In our last blog, we talked about internet speed tests, and the many factors that can influence them. One of those factors which we did not discuss is called a “content delivery network.”
A Content Delivery Network, or CDN, is a term for a particular way of distributing internet content. Traditionally, when you browse to a website from your computer, the information is pulled from the website, carried over the internet, sent through an unknown amount of Internet Exchange Points to your local network, and then translated by your browsing software.
In a CDN, content providers (e.g. Netflix) place servers with the most accessed content in strategically placed locations at the very edge of where the Internet meets your local network (often in the central office of your ISP).
The benefit of a CDN structure for the end user is that the information is able to be delivered much more quickly and efficiently. The closer to the edge the content resides, the less devices it has to pass through, and the less likely it is to encounter some form of resistance or traffic.
Internet traffic is very similar to actual traffic in that the amount of it that is sustainable is dependent on how wide the road is and how many other people are traveling on it at the same time. If a typical internet connection is like driving a car down the information superhighway, a CDN is more like flying to an airport close to your destination, and then renting a car to drive the last 20 miles.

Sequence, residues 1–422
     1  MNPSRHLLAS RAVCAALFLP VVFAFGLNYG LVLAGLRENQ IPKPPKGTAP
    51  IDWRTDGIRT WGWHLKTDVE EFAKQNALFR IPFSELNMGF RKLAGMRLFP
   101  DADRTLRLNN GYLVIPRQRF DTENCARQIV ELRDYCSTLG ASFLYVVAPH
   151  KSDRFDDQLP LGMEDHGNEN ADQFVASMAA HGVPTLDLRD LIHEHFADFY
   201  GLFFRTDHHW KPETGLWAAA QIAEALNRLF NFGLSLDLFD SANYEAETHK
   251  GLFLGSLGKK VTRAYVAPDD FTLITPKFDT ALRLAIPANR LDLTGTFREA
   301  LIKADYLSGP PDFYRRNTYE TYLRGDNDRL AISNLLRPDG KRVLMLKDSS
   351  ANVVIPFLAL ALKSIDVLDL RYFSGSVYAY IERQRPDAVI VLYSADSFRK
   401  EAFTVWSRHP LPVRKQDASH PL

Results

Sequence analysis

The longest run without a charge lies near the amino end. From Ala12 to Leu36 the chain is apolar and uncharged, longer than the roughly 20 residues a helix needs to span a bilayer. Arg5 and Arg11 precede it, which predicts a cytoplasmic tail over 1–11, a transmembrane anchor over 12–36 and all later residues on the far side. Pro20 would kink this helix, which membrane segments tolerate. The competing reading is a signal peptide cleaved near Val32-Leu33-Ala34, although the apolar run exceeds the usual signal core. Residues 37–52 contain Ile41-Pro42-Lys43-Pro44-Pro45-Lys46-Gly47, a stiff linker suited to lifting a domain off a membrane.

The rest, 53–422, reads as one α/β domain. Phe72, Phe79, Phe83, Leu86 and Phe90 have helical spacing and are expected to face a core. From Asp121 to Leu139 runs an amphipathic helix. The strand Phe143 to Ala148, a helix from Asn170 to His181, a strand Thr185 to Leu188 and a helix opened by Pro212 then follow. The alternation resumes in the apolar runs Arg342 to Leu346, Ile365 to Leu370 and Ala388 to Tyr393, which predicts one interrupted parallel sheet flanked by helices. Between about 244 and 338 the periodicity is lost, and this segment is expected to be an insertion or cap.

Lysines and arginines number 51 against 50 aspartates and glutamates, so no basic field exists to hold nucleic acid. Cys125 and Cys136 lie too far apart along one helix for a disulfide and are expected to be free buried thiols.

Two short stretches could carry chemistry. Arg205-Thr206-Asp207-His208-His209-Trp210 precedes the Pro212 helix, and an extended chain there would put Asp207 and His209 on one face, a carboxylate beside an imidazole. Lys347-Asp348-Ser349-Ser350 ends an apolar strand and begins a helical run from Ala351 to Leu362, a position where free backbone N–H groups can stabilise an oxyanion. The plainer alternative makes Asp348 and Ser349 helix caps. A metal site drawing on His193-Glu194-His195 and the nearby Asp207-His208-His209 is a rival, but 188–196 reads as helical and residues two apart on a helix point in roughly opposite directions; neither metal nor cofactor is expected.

The benefit of a CDN structure for the ISP includes increased reliability, reduced costs, and improved security. Most ISPs purchase bandwidth from one of the Tier 1 internet providers, so by decreasing their need to download information from the internet-at-large, they can reduce costs.
CDN servers, by storing the content users are accessing most often in a local server, is one of the easiest ways to decrease that need. They also make it possible to download content even when that content provider’s website might be down. Finally, since less information is being transmitted from the Internet, there is less of a security risk since all routing is done locally.
CDN servers are usually obtained by the ISP directly from the content provider. This business arrangement can take many forms. Typically, the server is provided at no cost, as the content provider wants the end user to have the best experience with their content possible. However, the FCC’s removal of net neutrality rules in 2017 opened the doors to the possibility of ISPs favoring some traffic over others, which could take the form of “pay to play” CDN situations. More on that in a future blog on the topic of net neutrality.